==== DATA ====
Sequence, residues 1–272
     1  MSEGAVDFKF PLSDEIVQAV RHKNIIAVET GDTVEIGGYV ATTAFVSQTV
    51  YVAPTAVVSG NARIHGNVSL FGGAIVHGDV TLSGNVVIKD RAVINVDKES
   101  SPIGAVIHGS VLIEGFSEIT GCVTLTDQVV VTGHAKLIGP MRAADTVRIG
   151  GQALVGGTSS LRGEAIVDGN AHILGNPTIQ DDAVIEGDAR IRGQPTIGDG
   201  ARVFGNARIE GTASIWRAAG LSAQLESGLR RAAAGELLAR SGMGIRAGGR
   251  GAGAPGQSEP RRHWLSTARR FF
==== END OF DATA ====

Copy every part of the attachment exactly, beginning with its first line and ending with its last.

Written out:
Sequence, residues 1–272
     1  MSEGAVDFKF PLSDEIVQAV RHKNIIAVET GDTVEIGGYV ATTAFVSQTV
    51  YVAPTAVVSG NARIHGNVSL FGGAIVHGDV TLSGNVVIKD RAVINVDKES
   101  SPIGAVIHGS VLIEGFSEIT GCVTLTDQVV VTGHAKLIGP MRAADTVRIG
   151  GQALVGGTSS LRGEAIVDGN AHILGNPTIQ DDAVIEGDAR IRGQPTIGDG
   201  ARVFGNARIE GTASIWRAAG LSAQLESGLR RAAAGELLAR SGMGIRAGGR
   251  GAGAPGQSEP RRHWLSTARR FF